The proceeds from The Candle Project will go towards supporting Beit Chabeb and its initiatives, as well as the ten Lebanese designers, and towards House of Today’s mentorship program to cultivate Lebanon’s design scene. Moreover, the partnership will help safeguard local production techniques and support small organizations sustain their passion for the crafts, celebrating the unwavering spirit and dedication of artisans in Lebanon. 

Last July 2022, Tamara was a visiting designer, pursuing a residency program at Schloss Hollenegg for Design. The designer had the opportunity to master the art of glass blowing for the first time, at Studio Comploj's furnace, under the artistic direction of Alice Stori Liechtenstein.

The exhibition, ‘Ashes & Sand’, will explore the incredible diversity of glass in terms of use, production techniques and style. Next to the historical glass objects of Schloss Hollenegg ranging from Venetian chandeliers to Lobmeyrs table services, 27 designers will present their own glass works, ranging from mirrors, to lamps, vases, drinking fountains and fibreglass textiles, that have been moulded, melted, blown and 3D printed. 


by Tamara Barrage

One of the first objects a visitor in Schloss Hollenegg encounters, is a pair of monumental candelabras, standing guard on either side of the doorway to the Festsaal. Measuring over two meters in height, the candelabras are a composition of blue and white Chinese porcelains bound together by bronze arms. It is one of the many objects made in 18th century Europe - probably in the Netherlands, considering the tiles decorating the wooden foot.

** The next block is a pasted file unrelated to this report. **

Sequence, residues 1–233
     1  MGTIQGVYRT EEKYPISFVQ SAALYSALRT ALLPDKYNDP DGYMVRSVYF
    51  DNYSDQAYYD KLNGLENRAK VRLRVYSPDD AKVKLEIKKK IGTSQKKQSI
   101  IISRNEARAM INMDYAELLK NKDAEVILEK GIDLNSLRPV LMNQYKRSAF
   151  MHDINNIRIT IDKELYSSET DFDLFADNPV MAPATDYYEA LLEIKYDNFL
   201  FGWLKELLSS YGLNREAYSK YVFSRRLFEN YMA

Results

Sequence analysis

These candelabras, together with the other smaller but similar pieces around the castle, were the inspiration for Tamara Barrage’s work. The fruits of her three weeks residency at Schloss Hollenegg are two glass candelabras blown in Vienna by Robert Comploj of Studio Comploj. Playing with the idea that what were once objects used regularly to provide light, are now only for special occasions, Tamara has created large pieces with a mostly symbolic function. If candles are indeed used, the flame plays beautifully with the glass, bringing the subtle colours to brilliance. Tamara has deftly adapted the shapes typical of her work and reminiscent of sea creatures, to the medium of glass: the stacked shapes float weightlessly. 

Salt’ presents the latest works by Nathalie, based on a creative process that involved exploring sculptural dimensions of functional objects, be it bowls, vases or candelabras. Nathalie was keen to trust the flow in the crafting of each piece, to explore all the sculptural possibilities. The collection appears to emerge from the depths of the sea and the natural world. The creation of each unique piece, with no two alike, involved peeling back and molding layers of clay, and fusing two seemingly contrasting elements, speaking volumes based on the setting they are in.

House of Today and the Department of Architecture and Design at the Maroun Semaan Faculty of Engineering and Architecture at the American University of Beirut are delighted to introduce their first collaboration of many to come.

The non-profit platform founded by Cherine Magrabi and the Department of Architecture and Design are thrilled to inspire, emulate and support the next generation of creatives by welcoming, for the very first time in Lebanon, three acclaimed international designers and architects - Porky Hefer, Guan Lee and Marco Campardo- for the symposium Augmented Autarky that will be held on January 13th 2023, followed by a 4-days workshop entitled Beyond Foraging.